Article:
Different Strokes: Big week ahead for Maguire and Meadow

Word of mouth, by the numbers, know the rules; remembering Elkington’s Players win


The onward and upward trending of Ireland’s women golfers is reflected on both the professional and amateur stages this week, where the ANA Inspiration - the first Major of the season - and the Augusta National Women’s Amateur Invitational will each feature two players.

Leona Maguire, currently 18th on the LPGA Tour order of merit, and Stephanie Meadow are in the field for the ANA Inspiration at Rancho Mirage in California with this week’s edition marking the 50th staging of a tournament previously known as the Kraft Nabisco Championship (it has been a Major since 1983) where the tradition is that the winner takes a clothed-jump into the champion’s lake beside the 18th green, known as Poppie’s Pond.

Maguire earned a top-20 finish in the 2020 championship (won by Mirim Lee), which was played in September last year after being pushed back due to the impact of the Covid-19 pandemic. Meadow’s best finish was a tied-20th on her debut in 2015.

On the amateur front, Olivia Mehaffey - in tremendous form of late, including a top-10 finish in the Carlisle Classic on the Symetra Tour - and Julie McCarthy are competing in the second staging of the ANWA Invitational, which was cancelled last year due to the pandemic.

Mehaffey, in her post-graduate final year at Alabama State, and Dubliner McCarthy, an accountancy student at Auburn University, are part of the field that will complete 36 holes at Champions Retreat with the leading 30 players advancing to the final round of the 54-hole tournament which will be played at Augusta National. Mehaffey is one of 21 of the current top-25 in the world amateur rankings competing.

Word of Mouth

“It was my first week back out in three months or so and I played so good. I couldn’t believe how I was doing out there. I thought this week was just kind of a preparation for next week (the ANA Inspiration) but I exceeded so much more. I’m just really happy” - Inbee Park on marking her return to competition with victory in the Kia Classic, her 21st career win on the LPGA Tour. Park, the 32-year-old South Korean and world number four, heads on to the ANA Inspiration, which she won in 2013, in search of her eighth career Major title.

By the numbers

111: In his 111st start on the PGA Tour, American Joel Dahmen secured his breakthrough win in the Corales Puntacana Championship in the Dominican Republic. Dahmen very nearly lost his trademark bucket hat which was lifted off his head by a gust of wind on the 18th green photoshoot only for it to be retrieved. “I was pretty emotional after that putt went in . . . . that’s what we dream of, right? I’ve been at this 111 events, so I mean, I was more that due. I’ve been a pretty solid player out here for a couple years now and I was due for a win.”

In the bag

Inbee Park (Kia Classic winner)

Driver - XXIO Eleven

3-wood - Callaway Epic Flash SubZero

5-wood - XXIO Eleven

Hybrid - XXIO Eleven (5) (23 degrees)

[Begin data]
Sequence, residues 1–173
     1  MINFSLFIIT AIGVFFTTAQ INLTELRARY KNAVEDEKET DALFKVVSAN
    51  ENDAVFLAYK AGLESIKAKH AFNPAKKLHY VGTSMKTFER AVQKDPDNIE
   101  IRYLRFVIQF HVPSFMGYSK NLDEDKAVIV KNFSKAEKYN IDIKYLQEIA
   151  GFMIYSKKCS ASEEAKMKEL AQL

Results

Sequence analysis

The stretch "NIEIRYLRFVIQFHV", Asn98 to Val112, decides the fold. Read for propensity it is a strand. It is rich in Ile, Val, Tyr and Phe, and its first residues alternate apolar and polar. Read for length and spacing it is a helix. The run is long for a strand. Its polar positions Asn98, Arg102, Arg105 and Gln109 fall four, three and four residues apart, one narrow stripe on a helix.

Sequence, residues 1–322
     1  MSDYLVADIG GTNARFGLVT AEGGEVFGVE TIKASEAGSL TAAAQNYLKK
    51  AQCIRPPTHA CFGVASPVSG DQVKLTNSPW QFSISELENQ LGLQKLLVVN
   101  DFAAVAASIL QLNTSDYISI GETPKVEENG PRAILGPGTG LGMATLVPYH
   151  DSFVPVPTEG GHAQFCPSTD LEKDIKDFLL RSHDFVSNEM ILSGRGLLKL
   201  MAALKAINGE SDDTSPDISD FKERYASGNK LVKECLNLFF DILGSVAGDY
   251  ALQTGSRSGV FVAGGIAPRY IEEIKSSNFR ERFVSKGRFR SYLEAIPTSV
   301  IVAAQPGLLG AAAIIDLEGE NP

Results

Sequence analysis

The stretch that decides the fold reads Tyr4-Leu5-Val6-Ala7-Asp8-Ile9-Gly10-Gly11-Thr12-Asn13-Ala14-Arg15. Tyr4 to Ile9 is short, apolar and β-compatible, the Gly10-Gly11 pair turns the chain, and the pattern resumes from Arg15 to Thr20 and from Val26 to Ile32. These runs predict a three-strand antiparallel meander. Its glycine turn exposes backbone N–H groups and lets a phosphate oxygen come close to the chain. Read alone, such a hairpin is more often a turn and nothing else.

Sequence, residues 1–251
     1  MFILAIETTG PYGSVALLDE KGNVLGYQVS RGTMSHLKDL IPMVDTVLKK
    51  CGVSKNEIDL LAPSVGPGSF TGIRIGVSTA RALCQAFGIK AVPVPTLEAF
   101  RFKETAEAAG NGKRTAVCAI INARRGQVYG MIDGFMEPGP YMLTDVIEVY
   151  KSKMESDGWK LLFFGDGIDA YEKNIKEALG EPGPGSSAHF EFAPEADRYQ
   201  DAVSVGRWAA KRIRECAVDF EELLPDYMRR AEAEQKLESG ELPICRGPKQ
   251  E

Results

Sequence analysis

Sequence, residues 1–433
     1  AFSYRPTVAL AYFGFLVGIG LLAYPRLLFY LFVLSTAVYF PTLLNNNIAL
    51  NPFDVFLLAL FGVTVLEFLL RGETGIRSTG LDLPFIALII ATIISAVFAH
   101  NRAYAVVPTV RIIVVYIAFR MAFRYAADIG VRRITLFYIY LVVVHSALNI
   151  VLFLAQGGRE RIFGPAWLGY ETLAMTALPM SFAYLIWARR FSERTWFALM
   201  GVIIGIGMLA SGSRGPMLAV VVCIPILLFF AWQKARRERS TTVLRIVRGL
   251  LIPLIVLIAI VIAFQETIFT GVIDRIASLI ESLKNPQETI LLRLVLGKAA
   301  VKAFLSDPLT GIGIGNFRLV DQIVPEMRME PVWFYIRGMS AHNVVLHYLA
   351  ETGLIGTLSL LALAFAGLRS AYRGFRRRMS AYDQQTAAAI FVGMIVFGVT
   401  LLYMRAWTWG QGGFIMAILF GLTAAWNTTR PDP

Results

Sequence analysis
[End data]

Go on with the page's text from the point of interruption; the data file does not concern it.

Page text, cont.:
Irons - XXIO Eleven (5 iron to Pitching Wedge)

Wedges - Cleveland RTX4 (46, 50 and 56 degrees)

Putter -Odyssey Works Versa Sabertooth

Ball - Srixon Z-Star

On this day: March 30th 1997

Steve Elkington was so keen to get the job done that he rose at 6am on the final day of The Players, leaving him with a lot of time to kill before his final round. He watched the Sylvester Stallone movie Daylight and practiced putting on his hotel bedroom carpet, then went out and shot a finishing 69 for a 16-under-par total of 272 that gave him a seven-stroke winning margin over Scott Hoch.

“I basically blew away the best field we’ve ever had, and I didn’t know it if I was capable . . . . I must say leading all the way is the most difficult thing I’ve ever done in golf. You use up a lot of energy getting the lead and then a lot more holding onto it. I’m drained,” confessed the Aussie after his impressive performance.

Elkington’s putter was red hot - averaging under 1.5 putts through the tournament - and he became only the third winner to lead alone from start to finish, joining Al Geiberger (1975) and Greg Norman (1994) in accomplishing that particular feat.

Twitter Twaddle

“Someone I don’t personally know just PAID MY NEXT 3 TOURNAMENTS E NTRY FEES. 2 other people donated $$$ for meals while I am on the road. With their heard earned money, during a global pandemic. Just out of kindness and to help me succeed. I’m overwhelmed. Why are people so nice” - Hannah Gregg discovering her social media influencing is having some payback in helping to fund her fledgling pro career on the Symetra Tour stateside.

“100% agree Pace of play ridiculous. No one in front of them. Green reading books, lining up the lines on the ball. Really annoying me. And Matchplay is the fastest form of golf. something has to be done #slowplay” - Colin Montgomerie taking to the twitter world to agree with Sky Sports commentrator Ewen Murray about the slow play in the final of the WGC-Dell Matchplay.

“Congratulations to @BillyHo_Golf on his win at the @DellMatchPlay! We have been working hard and waiting since 2018 for win number 6! Billy’s work ethic and passion for the game is relentless and I’m so happy for Billy and his team!” - Horschel’s coach Todd Anderson

Know the rules

Q: In taking a drop as required from knee height, a player’s ball is accidentally stopped by his foot. Is there any requirement to take the drop again?

A: Such a situation is covered by Rule 143.c(1)/1 and there is no penalty. In undertaking the drop, the player has completed taking relief and must play the ball as it lies. If the ball then moves when the player moves his/her foot, the player must replace the ball as required by Rule 9.4 but gets no penalty as the ball’s movement was a result of reasonable actions taken in taking relieve under a rule.

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